and Klein's then started advertising the 40 inch heaver Short Rifle."
Given the lead time in advertising this means that Klein's knew in
February that it was running out of carbines and would be able to sell
only the short rifles. Oswald ordered the carbine as per the February
ad, but Klein's shipped him the short rifle.
Anthony Marsh
2007-04-24 00:41:15 UTC
Permalink
Post by Raymond
Post by Anthony Marsh
http://www.maryferrell.org/mffweb/archive/viewer/showDoc.do?absPageId...
There are several errors in that article. The second rifle hypothesis is
a red herring. Just like the second Oswald hypothesis.
He shows only sketches of the rifles because that journal could not
print photos.
Marsh Said: "There are several errors in that article. The second
rifle hypothesis is a red herring. Just like the second Oswald
hypothesis. He shows only sketches of the rifles because that journal
could not print photos"
The Journal could print photos and did in many issues. The author
elected to draw his own images of the rifle long before he submitted
the article to Fourth Decade.
Marsh also said: "But looking at photos explains why he is wrong. The
two models, carbine and short rifle, were not "identical except for
the possible location of the sling mounts." There are enough subtle
differences in appear outside of the sling mounts that an expert could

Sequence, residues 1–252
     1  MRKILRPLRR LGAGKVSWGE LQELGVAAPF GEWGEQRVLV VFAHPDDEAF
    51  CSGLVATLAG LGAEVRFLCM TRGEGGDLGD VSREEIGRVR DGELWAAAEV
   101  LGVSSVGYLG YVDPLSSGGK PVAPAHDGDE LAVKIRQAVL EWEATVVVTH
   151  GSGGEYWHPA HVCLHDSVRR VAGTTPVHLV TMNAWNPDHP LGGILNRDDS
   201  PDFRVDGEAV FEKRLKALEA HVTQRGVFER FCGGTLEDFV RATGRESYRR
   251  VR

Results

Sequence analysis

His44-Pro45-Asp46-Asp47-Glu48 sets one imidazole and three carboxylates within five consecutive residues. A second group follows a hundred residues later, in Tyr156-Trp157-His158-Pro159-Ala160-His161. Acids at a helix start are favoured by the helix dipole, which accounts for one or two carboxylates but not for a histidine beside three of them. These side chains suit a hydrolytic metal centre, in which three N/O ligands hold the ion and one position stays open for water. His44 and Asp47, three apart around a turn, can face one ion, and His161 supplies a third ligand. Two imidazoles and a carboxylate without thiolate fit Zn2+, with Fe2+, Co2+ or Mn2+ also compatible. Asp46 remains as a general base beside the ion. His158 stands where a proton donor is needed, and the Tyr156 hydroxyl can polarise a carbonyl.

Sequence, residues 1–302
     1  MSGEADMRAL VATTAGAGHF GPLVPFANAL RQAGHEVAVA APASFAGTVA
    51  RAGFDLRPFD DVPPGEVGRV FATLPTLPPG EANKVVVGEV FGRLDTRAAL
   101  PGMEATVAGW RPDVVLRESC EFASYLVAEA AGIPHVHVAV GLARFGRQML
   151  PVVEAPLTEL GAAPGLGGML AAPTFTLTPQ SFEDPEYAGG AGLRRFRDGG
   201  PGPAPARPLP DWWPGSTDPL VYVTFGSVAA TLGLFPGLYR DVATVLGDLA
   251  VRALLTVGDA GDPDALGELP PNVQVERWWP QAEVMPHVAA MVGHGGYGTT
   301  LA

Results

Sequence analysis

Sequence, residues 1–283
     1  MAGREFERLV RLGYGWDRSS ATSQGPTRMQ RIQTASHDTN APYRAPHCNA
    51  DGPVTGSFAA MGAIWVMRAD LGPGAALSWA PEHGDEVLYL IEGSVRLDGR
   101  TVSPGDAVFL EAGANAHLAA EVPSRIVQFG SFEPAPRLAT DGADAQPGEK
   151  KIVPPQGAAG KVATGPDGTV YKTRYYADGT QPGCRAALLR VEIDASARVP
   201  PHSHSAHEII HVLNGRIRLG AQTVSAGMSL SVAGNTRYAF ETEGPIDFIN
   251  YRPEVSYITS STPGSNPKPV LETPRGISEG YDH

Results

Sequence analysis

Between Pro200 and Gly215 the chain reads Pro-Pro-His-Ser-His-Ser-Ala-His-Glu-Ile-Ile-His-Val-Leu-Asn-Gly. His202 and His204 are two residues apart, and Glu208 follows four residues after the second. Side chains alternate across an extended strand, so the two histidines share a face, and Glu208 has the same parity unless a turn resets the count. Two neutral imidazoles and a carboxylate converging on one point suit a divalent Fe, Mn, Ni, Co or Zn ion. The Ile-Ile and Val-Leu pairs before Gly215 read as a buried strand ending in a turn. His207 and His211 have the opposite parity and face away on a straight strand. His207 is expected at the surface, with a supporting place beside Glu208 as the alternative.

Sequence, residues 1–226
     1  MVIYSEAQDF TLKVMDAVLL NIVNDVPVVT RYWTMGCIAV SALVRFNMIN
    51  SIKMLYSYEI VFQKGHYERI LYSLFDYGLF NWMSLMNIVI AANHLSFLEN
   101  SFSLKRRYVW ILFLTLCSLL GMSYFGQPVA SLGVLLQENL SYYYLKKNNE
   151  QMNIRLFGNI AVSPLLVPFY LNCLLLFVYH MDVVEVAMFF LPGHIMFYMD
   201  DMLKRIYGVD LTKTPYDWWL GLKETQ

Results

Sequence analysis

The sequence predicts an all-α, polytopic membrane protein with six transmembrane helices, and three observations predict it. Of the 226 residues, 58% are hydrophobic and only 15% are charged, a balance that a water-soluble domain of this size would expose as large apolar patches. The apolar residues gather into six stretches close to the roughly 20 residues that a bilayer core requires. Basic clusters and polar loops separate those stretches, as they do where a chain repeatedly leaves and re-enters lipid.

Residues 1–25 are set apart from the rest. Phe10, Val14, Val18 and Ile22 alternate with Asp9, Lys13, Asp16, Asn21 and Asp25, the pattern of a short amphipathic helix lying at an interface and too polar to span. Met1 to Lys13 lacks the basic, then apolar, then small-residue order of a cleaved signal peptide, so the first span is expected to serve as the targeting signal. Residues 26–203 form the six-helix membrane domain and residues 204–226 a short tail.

see which model is which. And the theory that the backyard photos show
bottom mounts is based on sloppy research by people unqualified to
reach any conclusions."
On the rifle's stock, about a foot from the barrel's end, on its
underside, is a circular ring about an inch in diameter. It is used
to attach a strap. The ring is quite clear in good reproductions of
the photograph. The ring is round, and appears on the underside of
the rifle stock. The Warren Commission rifle had an oblong ring
You mean on the backyard photos? That is not true.
Post by Raymond
mounted to the side. The author of A Carcano Homepage theorizes that
the ring is part of the bush behind Oswald, a contention nearly
impossible to take seriously. Another explanation I have seen is that
the rifle that Oswald holds is turned enough to where the oblong ring
on the far side of the Warren Commission rifle is visible, providing
the illusion that it is a circular, bottom-mounted ring strap. I am
skeptical of that explanation also. The rifle appears slightly
rotated, as can be seen by looking at the riflescope, but it appears
far from being rotated onto its side, especially far enough to make